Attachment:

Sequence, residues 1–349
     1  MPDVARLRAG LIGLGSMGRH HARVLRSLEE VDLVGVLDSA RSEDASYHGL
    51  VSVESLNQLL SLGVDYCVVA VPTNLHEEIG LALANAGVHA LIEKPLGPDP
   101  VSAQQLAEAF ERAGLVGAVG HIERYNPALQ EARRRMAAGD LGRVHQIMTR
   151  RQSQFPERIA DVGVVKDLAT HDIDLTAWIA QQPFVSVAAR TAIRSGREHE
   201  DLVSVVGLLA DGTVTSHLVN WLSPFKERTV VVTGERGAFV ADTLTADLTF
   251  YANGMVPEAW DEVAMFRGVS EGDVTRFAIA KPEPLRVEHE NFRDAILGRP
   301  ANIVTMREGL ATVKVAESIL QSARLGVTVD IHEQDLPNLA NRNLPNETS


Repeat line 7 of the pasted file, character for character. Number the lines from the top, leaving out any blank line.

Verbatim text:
   251  YANGMVPEAW DEVAMFRGVS EGDVTRFAIA KPEPLRVEHE NFRDAILGRP